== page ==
Uncle Paul laid a hand on Anna’s shoulder, leaned in close to his wife, and whispered, “We really shouldn’t both—”
Aunt Caroline pressed her hands over Anna’s ears. “We already talked about this. I’m going. Those starving people camped outside are my neighbors too, not just yours. And besides, I’m better with a rifle than you are, and you know it.” “Yes, but—”
“If anyone should stay, it’s you.”
“But what if . . . who’ll take care of the kids?”
“We’re going to be fine,” Aunt Caroline said, lifting her hands from Anna’s ears to end the conversation.
Anna choked out a series of words too garbled for me to understand, and Aunt Caroline bent over, talking to her in a low voice.
I stepped up to the bed and leaned over, putting my face close to Darla’s. “You okay?”
“I’m fine,” she whispered. “I should go with you.”
“I’ll be careful.”
Darla snorted. “Not sure you’d know careful if you tripped over it.”
“Tripping over careful? That’s ironic.”
“If anyone could do it, it’d be you. You’d probably break your nose in the process.”
I smiled. Somehow it didn’t bother me when Darla teased me—girlfriends get special privileges like that. Although “girlfriend” didn’t even begin to describe what Darla meant to me. “I’ll be back tonight. I promise.”
“I’ll still worry.” Darla reached one hand out from under the covers, wrapped it around the back of my neck, and pulled me closer for a kiss.
When the kiss broke, I pressed my lips together, savoring the warmth she’d left, trying to hold on to it. “I love you.”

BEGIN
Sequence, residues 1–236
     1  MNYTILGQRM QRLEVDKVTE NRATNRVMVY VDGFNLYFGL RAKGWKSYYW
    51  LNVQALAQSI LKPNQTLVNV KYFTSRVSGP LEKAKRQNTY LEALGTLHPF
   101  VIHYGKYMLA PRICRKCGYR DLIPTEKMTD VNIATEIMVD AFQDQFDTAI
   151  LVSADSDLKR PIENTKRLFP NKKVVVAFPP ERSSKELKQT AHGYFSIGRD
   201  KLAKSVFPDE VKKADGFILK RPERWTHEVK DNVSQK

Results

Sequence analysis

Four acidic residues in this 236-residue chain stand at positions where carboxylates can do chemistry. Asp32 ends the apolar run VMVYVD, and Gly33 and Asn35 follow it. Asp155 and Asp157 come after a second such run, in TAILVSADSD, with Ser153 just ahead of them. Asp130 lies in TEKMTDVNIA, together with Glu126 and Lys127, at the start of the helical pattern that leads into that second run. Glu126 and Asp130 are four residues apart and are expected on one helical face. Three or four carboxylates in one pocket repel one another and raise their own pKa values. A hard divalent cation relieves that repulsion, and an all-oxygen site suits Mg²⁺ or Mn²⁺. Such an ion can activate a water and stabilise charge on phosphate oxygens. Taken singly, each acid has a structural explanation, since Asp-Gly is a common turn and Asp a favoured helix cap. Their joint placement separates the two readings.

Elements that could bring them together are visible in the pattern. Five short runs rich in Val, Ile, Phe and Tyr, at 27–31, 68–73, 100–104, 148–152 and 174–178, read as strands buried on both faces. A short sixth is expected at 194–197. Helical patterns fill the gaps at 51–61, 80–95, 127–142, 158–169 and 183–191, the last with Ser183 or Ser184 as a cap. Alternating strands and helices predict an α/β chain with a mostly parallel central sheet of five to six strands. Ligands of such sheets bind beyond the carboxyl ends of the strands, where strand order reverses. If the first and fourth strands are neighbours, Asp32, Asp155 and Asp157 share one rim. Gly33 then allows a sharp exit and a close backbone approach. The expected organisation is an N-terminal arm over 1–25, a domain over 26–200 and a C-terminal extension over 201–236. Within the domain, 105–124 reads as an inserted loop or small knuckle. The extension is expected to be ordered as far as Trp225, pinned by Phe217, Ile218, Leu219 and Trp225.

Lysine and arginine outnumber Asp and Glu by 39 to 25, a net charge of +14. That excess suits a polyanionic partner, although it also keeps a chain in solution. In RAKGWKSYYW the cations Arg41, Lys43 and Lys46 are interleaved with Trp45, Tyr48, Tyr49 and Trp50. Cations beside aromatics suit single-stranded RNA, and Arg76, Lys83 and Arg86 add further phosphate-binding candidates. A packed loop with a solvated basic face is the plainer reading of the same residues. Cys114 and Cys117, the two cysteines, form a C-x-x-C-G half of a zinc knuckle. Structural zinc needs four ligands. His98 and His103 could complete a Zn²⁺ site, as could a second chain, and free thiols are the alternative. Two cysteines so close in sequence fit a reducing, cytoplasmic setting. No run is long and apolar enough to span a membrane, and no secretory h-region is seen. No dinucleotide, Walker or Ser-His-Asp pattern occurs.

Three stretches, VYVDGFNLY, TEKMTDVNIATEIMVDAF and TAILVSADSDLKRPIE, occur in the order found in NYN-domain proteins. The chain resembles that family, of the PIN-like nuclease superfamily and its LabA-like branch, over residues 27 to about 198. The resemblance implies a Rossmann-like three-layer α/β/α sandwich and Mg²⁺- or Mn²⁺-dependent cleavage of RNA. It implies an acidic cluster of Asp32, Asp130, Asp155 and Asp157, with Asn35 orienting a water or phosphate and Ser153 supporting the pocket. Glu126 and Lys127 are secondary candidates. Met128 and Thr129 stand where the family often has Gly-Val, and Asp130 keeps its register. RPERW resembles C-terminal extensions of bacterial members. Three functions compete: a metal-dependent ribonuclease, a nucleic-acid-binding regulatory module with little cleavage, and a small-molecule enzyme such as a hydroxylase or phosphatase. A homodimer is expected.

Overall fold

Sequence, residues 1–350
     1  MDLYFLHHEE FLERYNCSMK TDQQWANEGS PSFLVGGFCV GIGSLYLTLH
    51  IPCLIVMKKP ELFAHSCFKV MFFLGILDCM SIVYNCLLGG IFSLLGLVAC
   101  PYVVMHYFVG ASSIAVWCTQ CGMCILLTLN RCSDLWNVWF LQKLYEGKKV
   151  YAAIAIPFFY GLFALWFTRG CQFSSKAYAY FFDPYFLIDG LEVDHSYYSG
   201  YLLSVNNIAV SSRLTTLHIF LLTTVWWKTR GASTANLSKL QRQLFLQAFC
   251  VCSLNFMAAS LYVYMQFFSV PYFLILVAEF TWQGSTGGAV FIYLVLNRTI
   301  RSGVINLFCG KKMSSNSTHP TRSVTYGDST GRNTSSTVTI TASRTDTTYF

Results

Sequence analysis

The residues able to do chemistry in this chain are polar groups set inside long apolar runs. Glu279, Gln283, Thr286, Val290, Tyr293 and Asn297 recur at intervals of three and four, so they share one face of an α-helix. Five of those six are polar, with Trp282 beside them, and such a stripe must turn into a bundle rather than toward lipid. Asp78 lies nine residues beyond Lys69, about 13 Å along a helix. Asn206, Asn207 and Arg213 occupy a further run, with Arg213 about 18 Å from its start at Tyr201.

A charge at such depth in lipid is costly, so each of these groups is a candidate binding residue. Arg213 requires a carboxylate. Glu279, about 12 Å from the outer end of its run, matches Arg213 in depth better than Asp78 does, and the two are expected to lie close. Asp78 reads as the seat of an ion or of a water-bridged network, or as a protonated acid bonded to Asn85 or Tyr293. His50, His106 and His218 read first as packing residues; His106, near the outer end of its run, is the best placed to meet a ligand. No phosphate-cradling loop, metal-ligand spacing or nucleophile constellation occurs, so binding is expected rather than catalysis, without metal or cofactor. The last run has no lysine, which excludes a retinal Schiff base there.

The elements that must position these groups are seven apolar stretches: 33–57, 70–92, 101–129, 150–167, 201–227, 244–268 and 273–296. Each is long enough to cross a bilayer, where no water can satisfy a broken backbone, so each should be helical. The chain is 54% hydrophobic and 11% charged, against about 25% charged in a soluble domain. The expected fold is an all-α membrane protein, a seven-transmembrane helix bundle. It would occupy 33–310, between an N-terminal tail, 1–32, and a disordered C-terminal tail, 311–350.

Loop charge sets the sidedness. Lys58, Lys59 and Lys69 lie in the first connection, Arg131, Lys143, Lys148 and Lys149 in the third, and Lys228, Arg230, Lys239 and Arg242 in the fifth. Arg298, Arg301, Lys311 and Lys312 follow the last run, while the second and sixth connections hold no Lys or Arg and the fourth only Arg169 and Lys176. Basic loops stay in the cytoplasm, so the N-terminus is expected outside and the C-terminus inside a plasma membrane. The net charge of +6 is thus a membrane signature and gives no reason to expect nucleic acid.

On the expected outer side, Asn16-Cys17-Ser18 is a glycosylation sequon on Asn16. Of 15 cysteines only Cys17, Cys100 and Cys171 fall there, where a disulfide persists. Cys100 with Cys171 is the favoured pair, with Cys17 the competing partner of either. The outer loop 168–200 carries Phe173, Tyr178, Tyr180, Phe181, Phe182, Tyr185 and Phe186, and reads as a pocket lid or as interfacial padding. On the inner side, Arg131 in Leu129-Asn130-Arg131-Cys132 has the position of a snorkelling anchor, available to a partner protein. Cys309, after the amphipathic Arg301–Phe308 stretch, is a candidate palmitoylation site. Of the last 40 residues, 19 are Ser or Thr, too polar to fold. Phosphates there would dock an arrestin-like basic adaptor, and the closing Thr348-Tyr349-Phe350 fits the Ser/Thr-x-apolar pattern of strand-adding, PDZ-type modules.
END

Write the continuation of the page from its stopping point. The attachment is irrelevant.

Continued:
“Love you too.”
“Do I need to leave?” Rebecca asked. “I do not want to be here while my sappy brother makes out with his girlfriend.”
“No. I have to go.” I kissed Darla’s forehead and left the room, stepping around Anna, Aunt Caroline, and Uncle Paul to continue searching for my mother.
I found Ben, Alyssa’s older brother, in the second upstairs bedroom. He sat under the window, wrapped in a blanket, reading a book. “You seen my mom?”
Ben didn’t reply. When he was interested in something, he had an amazing ability to block out all distractions— including me. It had something to do with his autism. I couldn’t imagine what book had drawn him in that deeply—he was gaga over all things military, and as far as I knew, there were no books on that subject in the farmhouse. I drew the door closed and moved on to the master bedroom. Yesterday Anna had asked Mom to share the girls’ room, but she’d refused, and Aunt Caroline had invited her to sleep in the master bedroom instead.
At first the master bedroom looked empty, but a noise from behind the bed prompted me to investigate further. Mom sat on the floor with her back wedged into the corner of the room. Empty picture frames were scattered to her left. She was sorting pictures of me, Rebecca, herself, and Dad, creating some kind of impromptu collage. As I watched, she swept all the photos up off the floor and started dealing them into a new pattern, as if they were cards in a bizarre game of solitaire.